3.2.27 InTACT (the information and communication technology service organisation within the ACT Department of Territory and Municipal Services) has full access to the CHYPS system. InTACT staff with access to CHYPS have high level security clearances, and must comply with confidentiality requirements. Access to CHYPS and CPS servers by InTACT staff is also logged, and these audit logs cannot be amended.

3.2.28 When client files are closed, CPS' Records Management Unit (RMU) organises for files to be transferred and stored at an offsite secondary secure facility. This facility is managed by a contract service provider which has national security classifications applicable to its premises.

Privacy issues

3.2.29 There were no specific issues identified in the audit in relation to CPS's security and storage practices.

3.3 IPP 8 Issues — Record-keeper to check accuracy etc of personal information before use

  • IPP 8 provides that a record keeper who has possession or control of a record that contains personal information shall not use that information without taking steps that are reasonable in the circumstances to ensure that, having regard for the purpose for which the information is proposed to be used, the information is accurate, up to date, and complete.


3.3.1 Reports are approved by team leaders before they can be entered and finalised into CHYPS.

3.3.2 After receiving a report, CPS collects further information about its clients directly from them and from authorised third parties to test the veracity of the information contained in the report.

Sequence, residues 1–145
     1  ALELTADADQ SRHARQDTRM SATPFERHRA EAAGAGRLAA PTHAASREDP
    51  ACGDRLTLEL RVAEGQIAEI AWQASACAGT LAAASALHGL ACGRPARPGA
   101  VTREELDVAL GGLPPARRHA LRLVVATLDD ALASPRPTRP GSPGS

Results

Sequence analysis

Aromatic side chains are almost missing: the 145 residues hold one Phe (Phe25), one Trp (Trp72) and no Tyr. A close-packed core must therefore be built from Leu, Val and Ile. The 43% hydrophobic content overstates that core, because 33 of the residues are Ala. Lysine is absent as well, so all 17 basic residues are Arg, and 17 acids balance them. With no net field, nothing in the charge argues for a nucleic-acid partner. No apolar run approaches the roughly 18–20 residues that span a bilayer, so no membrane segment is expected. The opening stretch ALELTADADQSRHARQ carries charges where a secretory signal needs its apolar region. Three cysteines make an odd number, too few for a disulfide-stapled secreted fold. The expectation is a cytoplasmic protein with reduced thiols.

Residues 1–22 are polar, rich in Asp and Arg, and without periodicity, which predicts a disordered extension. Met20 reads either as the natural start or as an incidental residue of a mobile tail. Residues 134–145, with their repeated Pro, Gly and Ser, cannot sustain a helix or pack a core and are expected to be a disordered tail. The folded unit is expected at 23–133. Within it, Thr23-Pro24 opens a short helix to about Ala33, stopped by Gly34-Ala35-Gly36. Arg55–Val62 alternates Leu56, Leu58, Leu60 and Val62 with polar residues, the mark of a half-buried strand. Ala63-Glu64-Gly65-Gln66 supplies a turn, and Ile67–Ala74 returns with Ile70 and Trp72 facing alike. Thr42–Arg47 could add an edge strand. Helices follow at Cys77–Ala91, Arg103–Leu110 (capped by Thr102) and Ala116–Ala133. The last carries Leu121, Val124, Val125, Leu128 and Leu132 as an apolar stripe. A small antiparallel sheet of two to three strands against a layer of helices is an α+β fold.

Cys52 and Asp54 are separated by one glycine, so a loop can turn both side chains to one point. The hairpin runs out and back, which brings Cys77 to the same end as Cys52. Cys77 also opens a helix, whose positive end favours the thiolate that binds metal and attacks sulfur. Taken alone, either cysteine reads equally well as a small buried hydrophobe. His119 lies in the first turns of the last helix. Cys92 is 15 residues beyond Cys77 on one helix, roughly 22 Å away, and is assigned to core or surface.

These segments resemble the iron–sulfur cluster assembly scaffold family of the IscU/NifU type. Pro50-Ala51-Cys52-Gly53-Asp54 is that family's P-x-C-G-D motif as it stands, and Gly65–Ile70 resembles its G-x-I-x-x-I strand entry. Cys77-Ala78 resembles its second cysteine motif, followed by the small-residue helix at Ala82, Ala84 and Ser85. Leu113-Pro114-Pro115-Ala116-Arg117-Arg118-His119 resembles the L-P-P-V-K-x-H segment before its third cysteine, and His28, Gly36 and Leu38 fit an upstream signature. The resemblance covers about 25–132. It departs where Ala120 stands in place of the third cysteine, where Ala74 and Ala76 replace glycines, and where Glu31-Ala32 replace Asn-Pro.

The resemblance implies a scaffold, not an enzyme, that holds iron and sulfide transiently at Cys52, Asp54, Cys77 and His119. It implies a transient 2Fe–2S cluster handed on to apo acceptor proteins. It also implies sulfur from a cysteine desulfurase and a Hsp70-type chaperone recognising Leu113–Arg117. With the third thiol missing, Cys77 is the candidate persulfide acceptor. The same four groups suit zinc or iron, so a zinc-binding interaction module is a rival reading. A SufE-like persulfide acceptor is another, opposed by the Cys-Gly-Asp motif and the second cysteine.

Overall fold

3.3.3 Any hand written notes taken in the field are added to the hardcopy client file upon return to the office in order to ensure completeness of the file.

3.3.4 Any client observations made out in the field are recorded as soon as possible after the staff member has returned to CPS's office. Recording this information as contemporaneously as possible helps ensure the quality of the records.

3.3.5 Staff are encouraged to create clear, objective and descriptive file notes to ensure the accuracy of client information maintained on file. CPS provides training in this regard as part of its Introduction to Records Management training module.

3.3.6 Team leaders conduct random audits of client files managed case officers as a quality assurance check. Also, before client files are closed and transferred to RMU, team leaders audit all files to ensure both the hardcopy and electronic file reconcile with each other and that the information contained in the file is complete.

3.3.7 The CHYPS system maintains user version control in relation to electronic documents until changes are finalised. The CHYPS system also ensures that progress notes are automatically finalised within 5-7 days to ensure data integrity.

3.3.8 Staff receive CHYPS training on their responsibility to maintain the integrity of the data they enter. The integrity of data entered into the CHYPS system is checked via reporting and manually. The CHYPS system sends an alert when a record is created for a client already in the system, in order to avoid improper duplication of records.

Privacy issues

3.3.9 There were no specific issues identified in the audit in relation to CPS's IPP 8 practices.

3.4 IPPs 10-11 — Limits on use and disclosure of personal information